HistoryThe quilts were created as part of the Australian AIDS Memorial Quilt Project, which was founded in September 1988 by Andrew Carter OAM and Richard Johnson in Sydney. It was formally launched on World AIDS Day, 1 December 1988 by Ms Ita Buttrose. The founding 35 memorial panels were displayed that day in Sydney with visiting panels from the American Names Project.
Australian traveller Andrew Carter saw the American Quilt during its 1988 US National Tour, and upon his return home he was inspired to found the Australian Quilt with Richard Johnson. Andrew Carter was later awarded the Medal of the Order of Australia in recognition of this work. The Australian Quilt remains the largest outside the USA. Local groups of the Quilt now exist in States and Territories across Australia.
In 2007 the Quilt Project Sydney, which became the custodian of the Australian AIDS Memorial Quilt in 2000 offered the Quilt to the Powerhouse Museum for acquisition into the collection. A lengthy collaborative process ensued, in order to ensure that both the families of those commemorated and the makers of the quilts were in agreement with this proposal. At the same time, photography and documentation of the quilts, together with purpose-designed storage were carried out.
See the quilts here: https://collection.maas.museum/search?q=aids%20memorial%20quilt
DescriptionThe Australian AIDS Memorial Quilt is an evocative record of those who were lost to HIV, many of them in their 20s and 30s. The visual diversity of the panels is marked, capturing as they do the character and individuality of the person who died. In the 1980s and 1990s, at the onset of AIDS and in the following decade, societal attitudes were often homophobic. The Quilt records memories of those vibrant young people who faced their death in times of f ignorance, often with no help, no friends (many had died already), family denial and discrimination. Some panels are anonymous, while many are now supported by documentation such as written descriptions by the maker, photographs and eulogies. As a result, the AIDS Quilt tells us a great deal about social change and changing attitudes to safe sex, gay culture and death in the late twentieth century in western societies.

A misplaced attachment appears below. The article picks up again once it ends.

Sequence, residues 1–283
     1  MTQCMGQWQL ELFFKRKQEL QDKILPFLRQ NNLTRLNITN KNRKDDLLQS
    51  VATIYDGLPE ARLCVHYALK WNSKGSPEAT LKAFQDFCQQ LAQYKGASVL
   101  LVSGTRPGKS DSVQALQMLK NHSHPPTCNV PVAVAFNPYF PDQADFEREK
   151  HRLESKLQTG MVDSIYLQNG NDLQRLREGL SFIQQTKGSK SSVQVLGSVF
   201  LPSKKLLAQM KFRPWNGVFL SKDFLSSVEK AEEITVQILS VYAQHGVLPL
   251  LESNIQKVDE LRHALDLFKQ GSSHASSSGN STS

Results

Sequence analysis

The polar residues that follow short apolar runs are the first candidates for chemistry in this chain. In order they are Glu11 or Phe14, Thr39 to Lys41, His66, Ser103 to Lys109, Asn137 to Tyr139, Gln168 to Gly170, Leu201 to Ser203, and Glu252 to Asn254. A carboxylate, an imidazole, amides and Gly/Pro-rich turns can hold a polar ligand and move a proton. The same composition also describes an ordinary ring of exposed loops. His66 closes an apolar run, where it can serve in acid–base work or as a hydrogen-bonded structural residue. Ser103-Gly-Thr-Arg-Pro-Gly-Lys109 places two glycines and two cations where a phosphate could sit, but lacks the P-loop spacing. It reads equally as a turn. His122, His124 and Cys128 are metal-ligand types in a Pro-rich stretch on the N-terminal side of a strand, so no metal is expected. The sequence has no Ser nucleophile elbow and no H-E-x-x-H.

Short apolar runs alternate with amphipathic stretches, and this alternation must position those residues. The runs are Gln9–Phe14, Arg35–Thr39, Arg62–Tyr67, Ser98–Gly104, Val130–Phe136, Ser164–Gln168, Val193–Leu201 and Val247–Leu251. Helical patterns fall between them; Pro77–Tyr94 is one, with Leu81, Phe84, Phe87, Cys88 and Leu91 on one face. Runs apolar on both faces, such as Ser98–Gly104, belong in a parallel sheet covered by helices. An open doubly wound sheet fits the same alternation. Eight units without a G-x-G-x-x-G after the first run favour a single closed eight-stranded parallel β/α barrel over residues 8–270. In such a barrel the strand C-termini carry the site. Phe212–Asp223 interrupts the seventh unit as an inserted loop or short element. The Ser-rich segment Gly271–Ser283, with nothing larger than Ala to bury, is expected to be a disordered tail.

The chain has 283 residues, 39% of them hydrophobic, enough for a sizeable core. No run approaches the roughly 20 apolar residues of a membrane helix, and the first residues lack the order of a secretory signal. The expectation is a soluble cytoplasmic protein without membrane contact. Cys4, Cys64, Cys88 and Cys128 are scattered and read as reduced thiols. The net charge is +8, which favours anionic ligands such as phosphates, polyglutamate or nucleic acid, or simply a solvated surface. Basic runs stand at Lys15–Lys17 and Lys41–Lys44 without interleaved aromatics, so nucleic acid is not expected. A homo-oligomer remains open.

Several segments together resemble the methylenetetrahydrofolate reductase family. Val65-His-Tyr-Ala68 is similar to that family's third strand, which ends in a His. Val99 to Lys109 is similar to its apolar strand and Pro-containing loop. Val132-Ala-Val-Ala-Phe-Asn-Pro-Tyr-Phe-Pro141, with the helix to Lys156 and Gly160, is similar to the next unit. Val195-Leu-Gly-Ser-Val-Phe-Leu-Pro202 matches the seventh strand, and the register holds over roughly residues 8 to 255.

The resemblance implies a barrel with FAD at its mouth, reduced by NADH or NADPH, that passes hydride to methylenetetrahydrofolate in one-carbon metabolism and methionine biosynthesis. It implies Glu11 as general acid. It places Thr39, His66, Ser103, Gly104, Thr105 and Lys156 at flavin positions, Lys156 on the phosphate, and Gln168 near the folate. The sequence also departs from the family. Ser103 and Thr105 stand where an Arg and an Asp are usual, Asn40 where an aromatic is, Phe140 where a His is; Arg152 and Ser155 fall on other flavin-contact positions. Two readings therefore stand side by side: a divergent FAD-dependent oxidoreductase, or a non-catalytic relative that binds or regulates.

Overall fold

The quilts are important “so there is a record of that person existing, whereas with a lot of people with AIDS, that (record) is not there. There’s a whole generation of people - unless we tell their stories, they are not there.” (interview with Libby Woodhams, Sydney Quilt Project Convenor 2010). In most western societies, mourning is a fairly private and restrained affair in which depths of emotion are kept out of the public eye. Given the prejudices surrounding the AIDS epidemic, one can understand how difficult it is for those who are mourning their AIDS victims to express their grief fully and openly. The AIDS Quilt is remarkable because it combined an opportunity to share in the mourning process with a celebration of the life of the deceased.
First diagnosed in 1981, HIV&AIDS is the major infectious epidemic of the late 20th century. The first Australian death from AIDS was recorded in Melbourne in 1983. Subsequently, public programs undertaken by community organisations and government departments in Australia have educated people about the disease and its transmission. The Australian AIDS Memorial Quilt Project, then comprising 35 panels, was formally launched in Sydney on 1 December 1988 (World AIDS Day), by Ita Buttrose, Chairperson of the National Advisory Committee on AIDS (NACAIDS). While the Quilt began as a memorial, it has become one of the nation’s most valuable resources for promoting a compassionate and educational dialogue about AIDS within Australian communities. Its non-threatening nature and artistic and creative approach enables accessibility to the content and allows people from all walks of life to learn about the AIDS epidemic from its human side.